Sir Owen Seaman

(1861-1936 / England)

Fashions For Men - Poem by Sir Owen Seaman

There are who hanker for a touch of colour,
So to relieve their sombre air;
For me, I like my clothes to be much duller
Than what the nigger minstrels wear;
I hold by sable, drab and grey;
I do not wish to be a popinjay.

In vain my poor imagination grapples
With these new lines in fancy shades,
These purple evening coats with yellow lapels,
These vests composed in flowered brocades;
Nor can I think that noisy checks
Would help me to attract the other sex.

With gaudy schemes that rouse my solemn dander
I leave our frivolous youth to flirt;
A riband round my straw--for choice, Leander;
A subtle nuance in my shirt;
For tie, the colours of my school--
These are the limits of my austere rule.

But, when they'd have me swathe the clamorous tartan
In lieu of trousers round my waist,
Then they evoke the spirit of the Spartan
Inherent in my simple taste;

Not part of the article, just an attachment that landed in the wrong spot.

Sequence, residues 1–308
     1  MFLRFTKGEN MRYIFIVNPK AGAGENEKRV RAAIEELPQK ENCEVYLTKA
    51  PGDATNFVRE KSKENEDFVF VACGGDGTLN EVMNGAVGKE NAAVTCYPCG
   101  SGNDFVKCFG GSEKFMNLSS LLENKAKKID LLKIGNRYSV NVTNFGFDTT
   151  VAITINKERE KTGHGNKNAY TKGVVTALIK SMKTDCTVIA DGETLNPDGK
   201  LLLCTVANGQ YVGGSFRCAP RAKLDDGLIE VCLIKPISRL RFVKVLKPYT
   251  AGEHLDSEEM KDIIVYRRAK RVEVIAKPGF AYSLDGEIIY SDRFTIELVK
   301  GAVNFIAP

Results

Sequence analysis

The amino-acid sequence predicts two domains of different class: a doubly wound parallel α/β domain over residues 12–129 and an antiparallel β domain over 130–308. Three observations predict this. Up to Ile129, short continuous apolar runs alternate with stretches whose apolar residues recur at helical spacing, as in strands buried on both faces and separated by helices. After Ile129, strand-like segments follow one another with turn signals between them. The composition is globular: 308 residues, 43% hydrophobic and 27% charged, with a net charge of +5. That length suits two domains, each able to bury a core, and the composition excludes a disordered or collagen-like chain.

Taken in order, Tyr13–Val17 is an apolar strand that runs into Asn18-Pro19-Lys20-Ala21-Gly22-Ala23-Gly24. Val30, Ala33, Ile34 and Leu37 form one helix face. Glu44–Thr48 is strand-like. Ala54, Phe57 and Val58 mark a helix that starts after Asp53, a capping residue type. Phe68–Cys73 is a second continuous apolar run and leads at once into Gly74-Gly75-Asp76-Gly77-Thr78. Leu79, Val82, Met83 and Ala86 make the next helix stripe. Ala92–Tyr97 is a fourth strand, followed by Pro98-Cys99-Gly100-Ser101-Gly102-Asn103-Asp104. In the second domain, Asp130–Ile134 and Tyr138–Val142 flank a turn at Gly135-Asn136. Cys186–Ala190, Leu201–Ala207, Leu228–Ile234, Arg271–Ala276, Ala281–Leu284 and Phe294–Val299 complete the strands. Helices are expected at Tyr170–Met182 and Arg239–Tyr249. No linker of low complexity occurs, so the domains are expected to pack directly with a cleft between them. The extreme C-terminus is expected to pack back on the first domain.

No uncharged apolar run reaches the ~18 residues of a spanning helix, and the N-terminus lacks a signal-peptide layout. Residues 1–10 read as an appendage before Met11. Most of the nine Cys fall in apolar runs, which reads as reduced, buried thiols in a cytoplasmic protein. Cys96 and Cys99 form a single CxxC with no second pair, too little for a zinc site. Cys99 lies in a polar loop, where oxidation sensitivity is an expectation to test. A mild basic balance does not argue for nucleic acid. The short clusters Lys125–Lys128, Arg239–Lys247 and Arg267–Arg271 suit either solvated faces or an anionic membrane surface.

Inexorably I decline
To drape the kilt on any hips of mine.

It may be they will count me over-modest,
Deem me Victorian, dub me prude;
I may have early views, the very oddest,
On what is chaste and what is rude;
Yet am I certain that my leg
Would not look right beneath a filibeg.

I love the Scot as being truly British;
Golf (and the Union) makes us one;
Yet to my nature, which is far from skittish
And lacks his local sense of fun,
There is a something almost foreign
About his strange attachment to the sporran.

So, when a bargain-sale is held of chattels
Surviving from the recent War--
Textiles and woollens, built for use in battles--
And Scotland's there inquiring for
The kilt department, I shall not
Be found competing. She can have the lot.

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Poem Submitted: Monday, September 20, 2010

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